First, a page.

New York City residents produce more than a billion gallons of sewage a day and nearly every toilet is connected to the public sewer system. That wastewater tells a story about the health of the city, and officials are hoping to use it as a new way to monitor the spread of the novel coronavirus.
Officials for the New York City Department of Environmental Protection have in recent days honed a process that can detect the genetic material of the disease in wastewater. Analyzing the sewage, a process that the department regularly does, “could be a quick way to get ahead of outbreaks before people start showing up in emergency rooms,” said Vincent Sapienza, commissioner of the Department of Environmental Protection.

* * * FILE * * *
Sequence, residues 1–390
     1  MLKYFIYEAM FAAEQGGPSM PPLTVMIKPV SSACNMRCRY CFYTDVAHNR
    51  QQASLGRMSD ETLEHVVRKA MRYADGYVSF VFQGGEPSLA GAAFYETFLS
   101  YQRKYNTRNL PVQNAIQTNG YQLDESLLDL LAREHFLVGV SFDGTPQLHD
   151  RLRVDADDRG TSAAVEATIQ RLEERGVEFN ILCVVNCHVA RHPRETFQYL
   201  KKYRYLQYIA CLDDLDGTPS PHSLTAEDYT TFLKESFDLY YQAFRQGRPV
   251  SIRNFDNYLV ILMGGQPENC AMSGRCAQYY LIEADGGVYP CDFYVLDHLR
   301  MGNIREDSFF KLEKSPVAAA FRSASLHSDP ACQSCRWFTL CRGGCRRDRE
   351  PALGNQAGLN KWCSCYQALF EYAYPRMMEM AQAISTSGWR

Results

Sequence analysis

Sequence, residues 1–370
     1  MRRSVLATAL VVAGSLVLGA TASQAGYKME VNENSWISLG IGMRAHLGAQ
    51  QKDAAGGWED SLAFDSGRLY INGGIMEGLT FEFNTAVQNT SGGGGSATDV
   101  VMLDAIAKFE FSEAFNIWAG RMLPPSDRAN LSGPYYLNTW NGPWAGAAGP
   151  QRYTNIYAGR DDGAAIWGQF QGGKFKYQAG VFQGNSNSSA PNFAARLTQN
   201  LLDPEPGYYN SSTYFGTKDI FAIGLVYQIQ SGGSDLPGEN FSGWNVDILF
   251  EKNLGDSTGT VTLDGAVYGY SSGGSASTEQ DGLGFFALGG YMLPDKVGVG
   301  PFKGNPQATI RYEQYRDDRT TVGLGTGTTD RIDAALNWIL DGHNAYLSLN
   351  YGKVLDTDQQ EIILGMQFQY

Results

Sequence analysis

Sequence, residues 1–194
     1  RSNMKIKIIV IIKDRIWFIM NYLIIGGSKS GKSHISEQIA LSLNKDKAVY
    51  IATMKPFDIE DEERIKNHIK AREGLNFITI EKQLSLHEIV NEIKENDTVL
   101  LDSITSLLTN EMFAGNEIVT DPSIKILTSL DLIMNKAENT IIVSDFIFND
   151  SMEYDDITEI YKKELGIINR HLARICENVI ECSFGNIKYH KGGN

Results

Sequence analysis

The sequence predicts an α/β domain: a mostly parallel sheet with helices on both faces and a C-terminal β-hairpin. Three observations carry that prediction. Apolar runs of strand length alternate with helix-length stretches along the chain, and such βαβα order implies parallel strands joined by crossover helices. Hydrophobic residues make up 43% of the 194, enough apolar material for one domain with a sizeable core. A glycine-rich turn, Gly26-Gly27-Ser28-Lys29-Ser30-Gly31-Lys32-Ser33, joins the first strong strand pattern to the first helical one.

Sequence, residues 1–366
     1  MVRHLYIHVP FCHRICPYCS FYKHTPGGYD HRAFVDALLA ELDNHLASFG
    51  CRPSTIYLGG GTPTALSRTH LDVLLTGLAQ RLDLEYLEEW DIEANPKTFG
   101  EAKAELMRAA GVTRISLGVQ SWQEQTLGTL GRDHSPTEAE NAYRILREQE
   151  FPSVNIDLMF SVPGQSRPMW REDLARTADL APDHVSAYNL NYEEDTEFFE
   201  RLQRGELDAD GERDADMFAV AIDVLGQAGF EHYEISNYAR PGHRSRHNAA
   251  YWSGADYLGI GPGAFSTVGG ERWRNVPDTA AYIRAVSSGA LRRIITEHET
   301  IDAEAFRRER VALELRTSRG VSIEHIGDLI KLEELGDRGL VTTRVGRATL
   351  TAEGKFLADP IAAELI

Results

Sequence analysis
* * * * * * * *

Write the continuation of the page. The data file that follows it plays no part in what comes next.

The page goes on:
More than 23,000 New Yorkers have died from Covid-19, including probable deaths, and more than 12,000 people were hospitalized with the disease during the peak of the crisis in mid-April. Researchers have determined that an estimated one in five New York residents have had the virus, which might have been introduced in the area earlier than the first reported case on March 1.
Currently, around 1% of New Yorkers are testing positive for the disease, and New York City is set to enter the next phase of reopening on July 6. While in this lull, public-health experts, scientists and others are working to roll out new types of surveillance that can be used to help better determine public-health decisions if there is a resurgence of the disease.